Nor does the Final Rule violate Article I. No constitutional bar exists precluding 
an agency from delegating power to a private entity.  
This is true even where the agency delegates to a private entity adjudicatory power [for example, an HIO]...“Congress has the power, under Article I, to authorize an agency administering a complex regulatory scheme to allocate costs and benefits among voluntary participants in the program without providing an Article III adjudication.”  (Pages 8-9)

This document also clearly points out the irony of their lawsuit in that the industry admits there are problems but yet claims that the Final Rule (mandated penalties) are "arbitrary and capricious." For example, they cite HIOs not turning in documents on time and violators serving their suspension off season as problems.  The response to that particular whine about the Final Rule: "Plaintiffs’ dissatisfaction with the sixty-day requirement does not render it arbitrary and capricious, and the various statistics they cite regarding APHIS’s own enforcement proceedings...are irrelevant because those proceedings are governed by 15 U.S.C. 1825(c), not the Final Rule" (pages 17-18).

Quite possibly the most important part of the document is this: it continually points out that Congress gave the APHIS the ability to make changes to the HPA and enforce more regulations as needed when the HPA was passed.  Specifically, "Even if Congress did not expressly authorize the sub-delegation of enforcement power in the HPA, the agency’s interpretation of the HPA in this regard was nevertheless reasonable and is entitled to deference" (page 11).  And here's an even better quote:

In this case, Congress has determined that the practice of soring constitutes the cruel and inhumane treatment of horses, and has entrusted APHIS with the responsibility to promulgate rules to eliminate the practice from the horse industry. The Court should be loath to disregard Congress’s judgment, even if Plaintiffs had provided any comparable harm at the other end of the balance.  (page 24)

Please, take the time to read this document in its entirety to learn more.  Quite frankly, SHOW, Contender Farms and McGartland are making themselves look like morons.  All they want is to keep sore horses in the ring, and this court saw right through their lame excuses and called them on it.


Anonymous said...

I saw something interesting in The Scoop: an advertisement for a NO HIO horse show, complete with lots of padded classes. The show is going to be held at Clearview Farm in Shelbyville, TN. They do say that nobody on federal or HPA violation can participate--only watch from in the stands. Is this a way around all the new rules--hope not!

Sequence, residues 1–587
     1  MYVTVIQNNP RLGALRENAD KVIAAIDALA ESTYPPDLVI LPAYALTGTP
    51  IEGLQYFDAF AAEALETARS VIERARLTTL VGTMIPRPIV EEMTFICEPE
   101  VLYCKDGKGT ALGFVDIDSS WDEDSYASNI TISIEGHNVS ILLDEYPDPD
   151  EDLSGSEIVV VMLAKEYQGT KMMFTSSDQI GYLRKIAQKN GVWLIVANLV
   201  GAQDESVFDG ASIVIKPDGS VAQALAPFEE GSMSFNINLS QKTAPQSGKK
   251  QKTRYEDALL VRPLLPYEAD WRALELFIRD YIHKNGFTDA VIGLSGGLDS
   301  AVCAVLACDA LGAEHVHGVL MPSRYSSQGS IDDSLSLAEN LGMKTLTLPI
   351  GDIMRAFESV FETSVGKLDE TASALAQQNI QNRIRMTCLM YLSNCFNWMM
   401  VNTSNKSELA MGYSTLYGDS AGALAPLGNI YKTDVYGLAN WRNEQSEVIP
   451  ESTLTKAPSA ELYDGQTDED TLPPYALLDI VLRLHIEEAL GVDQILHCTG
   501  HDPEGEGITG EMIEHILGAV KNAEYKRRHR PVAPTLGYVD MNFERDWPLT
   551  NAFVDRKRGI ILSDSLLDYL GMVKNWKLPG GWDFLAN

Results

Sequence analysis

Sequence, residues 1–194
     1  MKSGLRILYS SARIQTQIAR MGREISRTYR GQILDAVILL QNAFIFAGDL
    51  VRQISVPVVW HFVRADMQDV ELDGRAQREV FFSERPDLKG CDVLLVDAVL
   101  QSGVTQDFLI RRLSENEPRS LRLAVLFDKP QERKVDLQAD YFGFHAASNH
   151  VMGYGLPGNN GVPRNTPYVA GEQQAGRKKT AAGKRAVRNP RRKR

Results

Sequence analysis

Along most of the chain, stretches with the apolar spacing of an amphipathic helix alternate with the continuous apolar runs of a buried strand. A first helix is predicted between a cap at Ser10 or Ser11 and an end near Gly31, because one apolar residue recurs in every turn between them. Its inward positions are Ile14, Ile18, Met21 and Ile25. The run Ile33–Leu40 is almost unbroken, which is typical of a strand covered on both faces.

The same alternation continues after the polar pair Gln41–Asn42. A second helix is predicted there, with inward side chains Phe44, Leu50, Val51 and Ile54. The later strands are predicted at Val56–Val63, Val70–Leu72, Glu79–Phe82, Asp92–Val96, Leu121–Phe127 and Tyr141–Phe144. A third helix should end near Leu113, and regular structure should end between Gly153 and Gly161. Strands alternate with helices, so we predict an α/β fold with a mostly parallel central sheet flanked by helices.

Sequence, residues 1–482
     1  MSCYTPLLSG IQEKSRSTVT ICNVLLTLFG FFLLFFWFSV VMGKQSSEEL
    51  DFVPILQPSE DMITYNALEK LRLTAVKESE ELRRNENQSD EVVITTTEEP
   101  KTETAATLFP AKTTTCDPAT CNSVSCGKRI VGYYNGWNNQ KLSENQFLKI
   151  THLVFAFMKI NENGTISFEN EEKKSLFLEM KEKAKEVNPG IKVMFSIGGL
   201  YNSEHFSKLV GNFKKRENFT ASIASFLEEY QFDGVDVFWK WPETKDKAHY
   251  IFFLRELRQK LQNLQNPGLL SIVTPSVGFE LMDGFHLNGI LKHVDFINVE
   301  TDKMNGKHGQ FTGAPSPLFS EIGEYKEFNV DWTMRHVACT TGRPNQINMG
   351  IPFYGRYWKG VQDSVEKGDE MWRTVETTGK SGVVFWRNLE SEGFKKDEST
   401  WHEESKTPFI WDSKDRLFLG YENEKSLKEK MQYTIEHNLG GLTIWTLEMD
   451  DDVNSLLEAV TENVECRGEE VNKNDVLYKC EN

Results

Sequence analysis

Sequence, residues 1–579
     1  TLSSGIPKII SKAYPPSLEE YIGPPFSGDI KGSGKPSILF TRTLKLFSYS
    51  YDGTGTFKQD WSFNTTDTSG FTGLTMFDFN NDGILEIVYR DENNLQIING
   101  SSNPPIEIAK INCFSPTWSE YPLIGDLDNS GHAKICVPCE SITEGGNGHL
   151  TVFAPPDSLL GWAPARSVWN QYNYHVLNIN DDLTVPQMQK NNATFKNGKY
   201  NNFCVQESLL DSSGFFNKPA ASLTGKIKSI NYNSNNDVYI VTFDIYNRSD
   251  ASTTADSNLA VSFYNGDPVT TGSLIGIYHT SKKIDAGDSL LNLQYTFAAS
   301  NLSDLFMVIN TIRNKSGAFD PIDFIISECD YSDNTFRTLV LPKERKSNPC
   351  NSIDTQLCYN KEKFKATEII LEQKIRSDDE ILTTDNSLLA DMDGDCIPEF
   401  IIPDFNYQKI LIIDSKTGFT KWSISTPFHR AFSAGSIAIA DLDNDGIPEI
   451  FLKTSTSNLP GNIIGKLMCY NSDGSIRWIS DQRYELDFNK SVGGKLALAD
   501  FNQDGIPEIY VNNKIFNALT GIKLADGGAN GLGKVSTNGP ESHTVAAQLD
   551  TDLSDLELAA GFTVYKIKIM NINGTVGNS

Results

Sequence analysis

For the Tennessee Walking Horse said...

Yes, I do know about that show. The person organizing it is trying a "new" system where they don't use DQPs but use "stewards" to call out horses out of the warm-up ring if they think they're sored. Quite frankly, this is a step backwards and a very easy way to allow the sore horses through and pick on those who they don't like. At least with the DQP system every single horse is checked, so technically it shouldn't be biased (even though we know it is).

It is okay to put on a show that is not affiliated with an HIO. However, if the USDA shows up and finds sore horses at the show, the show management will be fined $10,000 and the show can be shut down. The management takes on the liability of sore horses being there rather than the HIO being the go between.

By law, those currently on federal suspension can only be spectators at a show but do nothing else--no riding, entering horses in the show, training, or even giving advice on the sidelines. But HPA violators are allowed to show as long as they've served their sentence. If he didn't allow HPA violators at the show, that would wipe out most of the big trainers out there.

So to answer your question, in a way, yes, this is a way around all the new rules. It's pretty ridiculous, IMHO. It's sad that this industry can't just buck up say we made a mistake, we're sorry, TRULY get rid of the sore horse trainers, stacks and chains, and go back to what this horse was originally meant to be.